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Jury research is an umbrella term for various methods of research associated with jury trials. It could include (but is not limited to) prospective jurors demographic research, mock trials, jury selection, shadow jury or post-trial jury interviews. Generally jury research is a part of a trial strategy in high stakes cases in civil or criminal litigation.

History

There have been plenty of attempts to use science—particularly psychology or sociology—to get an edge in jury trials. Jury research was successfully used during the IBM antitrust trial in 1969 and O. J. Simpson murder case. Today, there are many companies and individuals providing services as a jury consultants or trial strategists.

Research for jury trials comprises a small proportion of jury research. Academic research on juries produces hundreds of articles per year from scholars in psychology, communication, sociology, and criminal justice. This research is conducted to understand how juries operate rather than to give one side or the other an edge in a specific trial. Jury consultants and trial strategists represent just a few of the people who research jury trials.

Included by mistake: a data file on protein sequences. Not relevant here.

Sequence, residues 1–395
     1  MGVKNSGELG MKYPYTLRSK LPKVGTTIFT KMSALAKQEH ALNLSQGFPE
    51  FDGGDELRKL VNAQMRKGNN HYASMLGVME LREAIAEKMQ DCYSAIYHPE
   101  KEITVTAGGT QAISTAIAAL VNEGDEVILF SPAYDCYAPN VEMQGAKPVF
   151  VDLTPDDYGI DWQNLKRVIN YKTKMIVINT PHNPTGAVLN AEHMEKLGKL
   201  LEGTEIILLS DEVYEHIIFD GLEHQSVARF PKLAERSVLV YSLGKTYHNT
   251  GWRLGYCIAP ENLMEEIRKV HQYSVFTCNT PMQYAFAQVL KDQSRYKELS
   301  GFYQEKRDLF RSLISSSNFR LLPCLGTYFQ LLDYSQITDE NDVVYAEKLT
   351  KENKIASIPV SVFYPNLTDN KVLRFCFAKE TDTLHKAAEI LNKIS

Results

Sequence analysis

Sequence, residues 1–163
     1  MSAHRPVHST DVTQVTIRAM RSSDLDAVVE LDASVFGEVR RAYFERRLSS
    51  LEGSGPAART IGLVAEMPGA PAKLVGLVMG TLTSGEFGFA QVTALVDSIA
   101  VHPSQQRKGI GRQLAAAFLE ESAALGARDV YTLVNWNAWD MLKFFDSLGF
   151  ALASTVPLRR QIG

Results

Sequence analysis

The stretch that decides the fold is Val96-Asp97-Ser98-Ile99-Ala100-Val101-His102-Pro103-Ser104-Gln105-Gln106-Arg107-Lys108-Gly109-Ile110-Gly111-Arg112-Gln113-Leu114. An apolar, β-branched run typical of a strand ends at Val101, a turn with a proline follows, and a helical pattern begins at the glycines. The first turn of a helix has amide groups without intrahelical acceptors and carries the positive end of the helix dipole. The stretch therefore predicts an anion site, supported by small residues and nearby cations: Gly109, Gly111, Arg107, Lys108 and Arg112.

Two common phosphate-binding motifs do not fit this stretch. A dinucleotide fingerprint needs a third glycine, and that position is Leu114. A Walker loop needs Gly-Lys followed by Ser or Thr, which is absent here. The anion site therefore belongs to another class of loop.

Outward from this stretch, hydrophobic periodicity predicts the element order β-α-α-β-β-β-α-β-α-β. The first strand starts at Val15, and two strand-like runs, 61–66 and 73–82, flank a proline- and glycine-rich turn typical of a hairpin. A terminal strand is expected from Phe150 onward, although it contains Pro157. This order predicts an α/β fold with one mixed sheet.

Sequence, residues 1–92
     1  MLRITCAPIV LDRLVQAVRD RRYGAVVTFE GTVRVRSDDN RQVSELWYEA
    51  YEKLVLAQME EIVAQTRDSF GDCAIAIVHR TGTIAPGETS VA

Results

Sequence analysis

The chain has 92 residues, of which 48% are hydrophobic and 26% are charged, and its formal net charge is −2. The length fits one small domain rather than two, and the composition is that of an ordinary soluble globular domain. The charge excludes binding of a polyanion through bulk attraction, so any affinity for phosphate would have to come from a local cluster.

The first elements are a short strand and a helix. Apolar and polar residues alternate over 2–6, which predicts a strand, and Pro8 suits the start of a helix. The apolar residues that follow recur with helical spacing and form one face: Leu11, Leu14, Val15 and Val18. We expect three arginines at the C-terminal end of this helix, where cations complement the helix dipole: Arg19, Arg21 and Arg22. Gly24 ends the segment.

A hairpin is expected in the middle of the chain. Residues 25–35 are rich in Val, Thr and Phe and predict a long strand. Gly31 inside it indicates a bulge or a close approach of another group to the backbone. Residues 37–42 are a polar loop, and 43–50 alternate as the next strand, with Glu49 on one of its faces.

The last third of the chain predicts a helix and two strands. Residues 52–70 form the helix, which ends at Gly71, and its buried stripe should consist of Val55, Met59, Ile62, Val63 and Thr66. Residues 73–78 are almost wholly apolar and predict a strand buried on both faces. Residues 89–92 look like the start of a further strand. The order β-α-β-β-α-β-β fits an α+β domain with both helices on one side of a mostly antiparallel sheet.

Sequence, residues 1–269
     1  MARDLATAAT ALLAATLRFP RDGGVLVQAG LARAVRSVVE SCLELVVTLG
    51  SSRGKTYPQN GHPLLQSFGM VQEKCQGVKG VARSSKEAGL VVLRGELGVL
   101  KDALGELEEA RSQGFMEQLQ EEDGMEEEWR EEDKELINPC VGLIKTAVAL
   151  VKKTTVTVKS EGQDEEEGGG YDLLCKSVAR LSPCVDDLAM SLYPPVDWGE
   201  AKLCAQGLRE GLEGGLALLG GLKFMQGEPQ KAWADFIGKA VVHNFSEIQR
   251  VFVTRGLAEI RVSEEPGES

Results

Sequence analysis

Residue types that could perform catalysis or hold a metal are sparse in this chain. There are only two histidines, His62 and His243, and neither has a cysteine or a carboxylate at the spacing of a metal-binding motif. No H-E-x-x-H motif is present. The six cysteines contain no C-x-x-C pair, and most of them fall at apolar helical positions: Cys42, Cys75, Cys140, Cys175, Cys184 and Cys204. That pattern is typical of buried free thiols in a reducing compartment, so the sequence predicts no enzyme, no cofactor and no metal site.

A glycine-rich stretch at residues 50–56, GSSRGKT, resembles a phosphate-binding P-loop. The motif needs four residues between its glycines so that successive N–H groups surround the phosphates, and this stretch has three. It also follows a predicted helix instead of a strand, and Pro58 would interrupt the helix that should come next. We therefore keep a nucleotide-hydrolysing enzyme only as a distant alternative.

Methods and myths

Jury consultants can not guarantee victory in a case, nor can they pick a jury that will rule in their client's favor. Their job is rather to shape trial team strategy so it tells the most persuasive story accommodating a particular venue's jurors preexisting beliefs and experiences.

Regular market research techniques are usually used—phone surveys, focus groups, feedback sessions and so on. Surrogate jurors are selected to represent a jury pool in a venue. They are presented with general demographic questions and some facts relevant to the case. Facts could be presented in different combinations to groups in order to test different strategies. Visual exhibits, witnesses, metaphors and examples of a case, timeline of events—all could be subjected to multiple jurors perspectives.

Pre-trial research techniques are also sometimes used to prepare for settlement negotiations. Post-trial juror interviews sometimes allow for better understanding of mistakes or good arguments made in a trial, and that knowledge could be used for future trials or for an appeal.

See also

Further reading

  • Erlanger, Howard S. (1970). Jury Research in America: Its Past and Future. Law & Society Review 4 (3): 345–370.

External links

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